ENVIRONMENT: Balancing conflicting political demands for clean air and water - and a thriving economy - in a one party state is not an easy task.
Nick Holdsworth
Journalist, writer, author, filmmaker and film and TV industry expert – Central and Eastern Europe and Russia.
Published date: May 2, 2020

There are hidden gems in this Chinese documentary filmed in one of the country’s most polluted cities, Langfang, just 40km outside the capital Beijing. They are buried deeply and sparsely as if to escape the censors, but they are there to be found by the attentive.

Domestic and industrial coal burning is strictly banned in Langfang, which suffers blinding days of smog as industrial pollution, chemical fumes and dust kicked up from scores of massive building sites combine with sluggish winds to concentrate choking layers of dangerous fog over the city.

Lead by a charismatic (and rather egotistic) department chief, Director Li – a published author and self-proclaimed environmentalist, whom children from a middle school dub as «Uncle Smog Buster» – Langfang’s air quality inspectors walk a delicate tightrope between closing down family firms and enforcing national regulations.

The rounds

Developed at top international film festivals including IDFA and Tokyo Docs and the recipient of former’s Bertha Fund and the Dutch NL Film Fonds, Smog Town is, I hesitate to say given the country in which it was made, a little smug.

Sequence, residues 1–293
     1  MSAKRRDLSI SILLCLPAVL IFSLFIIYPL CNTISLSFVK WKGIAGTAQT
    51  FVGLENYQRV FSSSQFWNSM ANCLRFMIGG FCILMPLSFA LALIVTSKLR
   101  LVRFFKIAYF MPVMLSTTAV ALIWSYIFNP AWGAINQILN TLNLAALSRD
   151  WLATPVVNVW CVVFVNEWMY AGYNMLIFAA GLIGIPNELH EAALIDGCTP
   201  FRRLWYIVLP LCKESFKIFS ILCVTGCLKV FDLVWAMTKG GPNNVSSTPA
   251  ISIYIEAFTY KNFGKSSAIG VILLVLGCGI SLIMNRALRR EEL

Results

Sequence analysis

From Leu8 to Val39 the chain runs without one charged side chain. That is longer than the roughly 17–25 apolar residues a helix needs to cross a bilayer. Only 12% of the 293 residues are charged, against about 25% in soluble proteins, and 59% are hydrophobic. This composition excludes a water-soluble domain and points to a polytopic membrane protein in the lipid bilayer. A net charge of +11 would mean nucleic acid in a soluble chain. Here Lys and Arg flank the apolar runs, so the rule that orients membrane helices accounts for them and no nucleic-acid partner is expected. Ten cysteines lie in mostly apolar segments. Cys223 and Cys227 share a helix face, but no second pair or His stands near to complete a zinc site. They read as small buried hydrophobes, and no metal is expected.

It sticks closely to the story of courageous officials working all hours to combat pollution and improve the worst three polluted cities in the country (they fail and the mayor is demoted) while abiding by Communist party discipline and attending regular, boring and useless meetings where comrades are exhorted to meet their targets, lest senior party officials suffer.

We follow them on their inspection rounds – mostly to small family-run firms that are illegally spray painting cars, doors, or metal components – but while the major polluters (steel factories) are alluded to, there does not seem to be any action taken at that level. Villagers who cannot afford gas heating (like one member of the inspection team) burn wood and coal in illegal boilers to heat water for their communities. Asked where she got the coal, a ballsy woman tells the inspectors: «Just fine me a couple of thousand yuan, I’m not going to rat on my source». Instead, the village …

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